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Thursday, 29 October 2009
Page: 7604


Senator BRANDIS (12:12 PM) —The AusCheck Amendment Bill 2009 seeks to amend the AusCheck Act 2007 to provide a capacity for background checks under the act to be carried out for national security purposes. In 2005, the coalition government established a centralised background-checking service in the Attorney-General’s Department as part of a wider initiative to strengthen aviation and maritime security. This service, known as AusCheck, was created to help the aviation and maritime industries to identify high-risk individuals who should not be granted access to secure areas of Australian air and sea ports. It began operation in September 2007.

AusCheck is responsible for identifying individuals who should not be eligible for an Aviation Security Identification Card, ASIC, and/or a Maritime Security Identification Card, MSIC, by applying a consistent interpretation of the statutory requirements and coordinating background, criminal and security checks on applicants, and for notifying the relevant issuing bodies of the outcome of these checks. These background checks were previously processed and coordinated by the Background Checking Unit of the Department of Infrastructure, Transport, Regional Development and Local Government—whose acronym I will not hazard. AusCheck maintains a database of all applicants and card holders for the aviation and maritime industries and operates on a cost-recovery basis. The current act only allows background checks for the purposes of the Aviation Transport Security Act 2004 and the Maritime Transport and Offshore Security Act 2003 in order to coordinate background checks for the purposes of the Aviation and Maritime Security Identification Card scheme.

The amendments will also include specific provisions to authorise and protect biometric information about an individual where this is required in order to complete a background check. The amendments are intended to ensure that if AusCheck is required to facilitate the provision of this information to the relevant police jurisdiction then this information will be afforded all of the additional protections given to other AusCheck personal information but not be available for any purpose other than a further background check. This is intended to reflect the purpose of collecting this information in the first place, which is the verification of a particular individual’s identity only and for no wider purpose.

The bill also includes amendments to the provisions that give authority for AusCheck to provide an online verification service. The online verification service is currently restricted to verifying aviation security identification cards and maritime security identification cards. With the addition of a national security background check capacity this authority is accordingly expanded so that an online verification service may be used to verify other types of cards or licences that may be issued indicating that a person has undergone a national security background check.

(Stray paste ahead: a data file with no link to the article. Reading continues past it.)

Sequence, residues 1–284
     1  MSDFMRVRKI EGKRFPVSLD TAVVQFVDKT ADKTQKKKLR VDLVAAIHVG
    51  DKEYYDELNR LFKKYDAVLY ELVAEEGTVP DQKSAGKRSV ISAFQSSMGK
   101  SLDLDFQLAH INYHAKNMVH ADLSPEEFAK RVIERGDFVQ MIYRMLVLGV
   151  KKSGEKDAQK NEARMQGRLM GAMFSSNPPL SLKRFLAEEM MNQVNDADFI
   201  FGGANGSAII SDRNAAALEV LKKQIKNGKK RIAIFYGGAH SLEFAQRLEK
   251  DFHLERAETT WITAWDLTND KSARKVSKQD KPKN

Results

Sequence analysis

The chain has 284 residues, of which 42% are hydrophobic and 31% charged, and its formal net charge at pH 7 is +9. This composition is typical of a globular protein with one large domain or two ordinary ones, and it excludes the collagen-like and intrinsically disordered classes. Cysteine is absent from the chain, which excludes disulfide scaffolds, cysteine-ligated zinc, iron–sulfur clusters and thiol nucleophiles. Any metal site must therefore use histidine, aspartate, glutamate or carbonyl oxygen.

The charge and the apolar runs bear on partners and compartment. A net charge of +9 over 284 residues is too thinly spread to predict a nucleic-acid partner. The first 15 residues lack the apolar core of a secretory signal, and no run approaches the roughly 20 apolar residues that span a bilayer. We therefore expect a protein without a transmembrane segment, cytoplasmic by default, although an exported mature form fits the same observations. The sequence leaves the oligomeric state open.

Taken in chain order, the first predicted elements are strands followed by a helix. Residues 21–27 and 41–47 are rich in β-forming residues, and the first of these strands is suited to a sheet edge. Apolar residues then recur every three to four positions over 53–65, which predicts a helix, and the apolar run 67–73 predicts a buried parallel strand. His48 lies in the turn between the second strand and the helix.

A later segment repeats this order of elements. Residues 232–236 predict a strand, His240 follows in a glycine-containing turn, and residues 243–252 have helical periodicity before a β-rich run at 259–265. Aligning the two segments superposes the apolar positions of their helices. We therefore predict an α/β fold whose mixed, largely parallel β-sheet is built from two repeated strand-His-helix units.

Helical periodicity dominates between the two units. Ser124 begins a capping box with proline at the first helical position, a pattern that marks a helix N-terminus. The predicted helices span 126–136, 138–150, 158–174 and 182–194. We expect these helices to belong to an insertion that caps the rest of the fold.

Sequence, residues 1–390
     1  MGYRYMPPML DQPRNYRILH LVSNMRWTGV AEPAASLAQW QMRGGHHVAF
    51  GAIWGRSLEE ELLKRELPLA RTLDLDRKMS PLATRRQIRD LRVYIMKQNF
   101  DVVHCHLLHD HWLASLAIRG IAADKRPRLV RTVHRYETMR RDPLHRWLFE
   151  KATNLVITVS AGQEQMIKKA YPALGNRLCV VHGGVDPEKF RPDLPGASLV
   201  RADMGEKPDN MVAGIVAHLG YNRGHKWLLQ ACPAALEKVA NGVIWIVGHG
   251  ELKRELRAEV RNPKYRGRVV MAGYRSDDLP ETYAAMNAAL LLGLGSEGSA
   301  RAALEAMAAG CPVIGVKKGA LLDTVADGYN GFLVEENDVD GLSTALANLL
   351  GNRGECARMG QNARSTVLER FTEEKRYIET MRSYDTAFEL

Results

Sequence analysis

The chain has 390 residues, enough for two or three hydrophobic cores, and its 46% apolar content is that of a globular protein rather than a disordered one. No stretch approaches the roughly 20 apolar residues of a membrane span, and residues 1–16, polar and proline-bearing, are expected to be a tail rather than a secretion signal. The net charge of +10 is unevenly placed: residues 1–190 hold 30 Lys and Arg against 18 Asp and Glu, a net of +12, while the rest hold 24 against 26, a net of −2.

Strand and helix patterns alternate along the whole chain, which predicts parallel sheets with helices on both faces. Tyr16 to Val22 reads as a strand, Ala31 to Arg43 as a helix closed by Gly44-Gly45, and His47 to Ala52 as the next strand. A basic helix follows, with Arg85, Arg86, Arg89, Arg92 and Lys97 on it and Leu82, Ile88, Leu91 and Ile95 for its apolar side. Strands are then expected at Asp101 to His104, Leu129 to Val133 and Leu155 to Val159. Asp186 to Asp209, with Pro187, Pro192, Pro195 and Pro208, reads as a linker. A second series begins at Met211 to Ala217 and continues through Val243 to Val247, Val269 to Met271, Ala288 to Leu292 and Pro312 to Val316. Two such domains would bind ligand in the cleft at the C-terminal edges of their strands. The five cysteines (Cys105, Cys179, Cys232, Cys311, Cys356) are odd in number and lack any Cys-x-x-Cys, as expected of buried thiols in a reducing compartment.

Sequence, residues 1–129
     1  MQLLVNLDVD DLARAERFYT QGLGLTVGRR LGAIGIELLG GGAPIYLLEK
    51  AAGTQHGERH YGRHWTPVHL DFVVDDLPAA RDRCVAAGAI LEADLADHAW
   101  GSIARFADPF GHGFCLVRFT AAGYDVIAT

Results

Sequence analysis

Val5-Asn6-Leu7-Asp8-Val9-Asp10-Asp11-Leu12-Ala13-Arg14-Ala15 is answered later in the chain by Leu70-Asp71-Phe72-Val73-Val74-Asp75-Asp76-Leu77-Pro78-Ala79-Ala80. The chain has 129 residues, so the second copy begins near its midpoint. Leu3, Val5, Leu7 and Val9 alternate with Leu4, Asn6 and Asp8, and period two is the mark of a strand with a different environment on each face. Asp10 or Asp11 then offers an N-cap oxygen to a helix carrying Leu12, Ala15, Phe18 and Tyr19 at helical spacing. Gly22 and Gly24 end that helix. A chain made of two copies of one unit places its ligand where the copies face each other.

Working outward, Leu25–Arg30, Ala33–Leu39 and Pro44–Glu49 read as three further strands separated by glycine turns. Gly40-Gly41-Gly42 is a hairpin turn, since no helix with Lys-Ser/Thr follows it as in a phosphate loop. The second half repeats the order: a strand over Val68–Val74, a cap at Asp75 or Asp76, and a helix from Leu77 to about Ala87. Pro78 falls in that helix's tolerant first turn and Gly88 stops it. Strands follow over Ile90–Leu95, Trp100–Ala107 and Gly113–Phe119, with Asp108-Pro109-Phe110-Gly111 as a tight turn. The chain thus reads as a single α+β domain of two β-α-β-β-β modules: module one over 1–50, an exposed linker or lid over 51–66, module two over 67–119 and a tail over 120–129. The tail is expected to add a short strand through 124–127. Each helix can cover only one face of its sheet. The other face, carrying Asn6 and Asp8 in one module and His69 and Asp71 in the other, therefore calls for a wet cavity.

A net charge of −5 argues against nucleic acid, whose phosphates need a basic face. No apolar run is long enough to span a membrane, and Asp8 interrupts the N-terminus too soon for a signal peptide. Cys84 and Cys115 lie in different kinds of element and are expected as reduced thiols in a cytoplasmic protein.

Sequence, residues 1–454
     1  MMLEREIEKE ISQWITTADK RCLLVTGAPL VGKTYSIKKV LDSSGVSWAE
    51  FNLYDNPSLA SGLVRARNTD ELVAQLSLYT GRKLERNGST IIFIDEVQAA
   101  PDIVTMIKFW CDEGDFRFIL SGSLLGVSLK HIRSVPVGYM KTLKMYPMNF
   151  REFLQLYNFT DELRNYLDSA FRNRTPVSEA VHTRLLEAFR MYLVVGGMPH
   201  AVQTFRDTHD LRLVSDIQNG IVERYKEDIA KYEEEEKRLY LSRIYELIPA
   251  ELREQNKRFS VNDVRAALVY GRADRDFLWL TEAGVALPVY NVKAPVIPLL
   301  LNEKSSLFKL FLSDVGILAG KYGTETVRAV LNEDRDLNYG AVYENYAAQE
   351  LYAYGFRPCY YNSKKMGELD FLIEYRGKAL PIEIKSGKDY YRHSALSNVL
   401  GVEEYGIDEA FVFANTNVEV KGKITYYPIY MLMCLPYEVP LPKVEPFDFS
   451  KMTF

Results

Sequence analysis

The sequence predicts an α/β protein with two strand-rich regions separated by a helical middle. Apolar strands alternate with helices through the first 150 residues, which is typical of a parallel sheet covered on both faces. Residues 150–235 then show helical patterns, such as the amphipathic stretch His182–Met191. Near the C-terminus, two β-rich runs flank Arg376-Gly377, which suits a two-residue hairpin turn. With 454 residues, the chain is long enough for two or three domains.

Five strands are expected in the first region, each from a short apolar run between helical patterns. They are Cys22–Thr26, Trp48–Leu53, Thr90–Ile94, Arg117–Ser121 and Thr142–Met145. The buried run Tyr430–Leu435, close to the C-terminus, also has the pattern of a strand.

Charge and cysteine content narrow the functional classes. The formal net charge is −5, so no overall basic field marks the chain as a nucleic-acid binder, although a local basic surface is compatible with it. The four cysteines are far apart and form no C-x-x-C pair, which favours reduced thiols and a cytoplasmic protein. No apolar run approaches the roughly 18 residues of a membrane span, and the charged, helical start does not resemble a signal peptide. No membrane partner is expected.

The bill was referred to the Senate Legal and Constitutional Affairs Legislation Committee, which reported on 18 June 2009. The committee unanimously made seven recommendations for amendments to the bill. The recommendations were directed to increasing safeguards for the protection of private information and to restrict the uses to which AusCheck data may be put. The recommendations are, if I may say so, very sensible and a testament to the good work of the committee. I am pleased that the government has responded to the report with the amendments circulated on sheet AF220. The amendments directly implement five of the committee’s seven recommendations. The two remaining recommendations are also being implemented by sensible alternative means. I commend those amendments

Australia’s airside and waterfront sites are obvious areas of vulnerability to crime and security threats. We need to have confidence that, as far as possible, those areas are secure and that those with a demonstrated criminal propensity or otherwise posing unacceptable risks are excluded from them. This regime is not perfect: in particular, there are serious concerns about the maritime security identification card arrangements that allow people with criminal histories to work on our docks and deal with sensitive cargo. This is an area which requires constant vigilance and, while supporting this bill in its amended form, I urge the government to give priority to minimising the criminal element on the waterfront.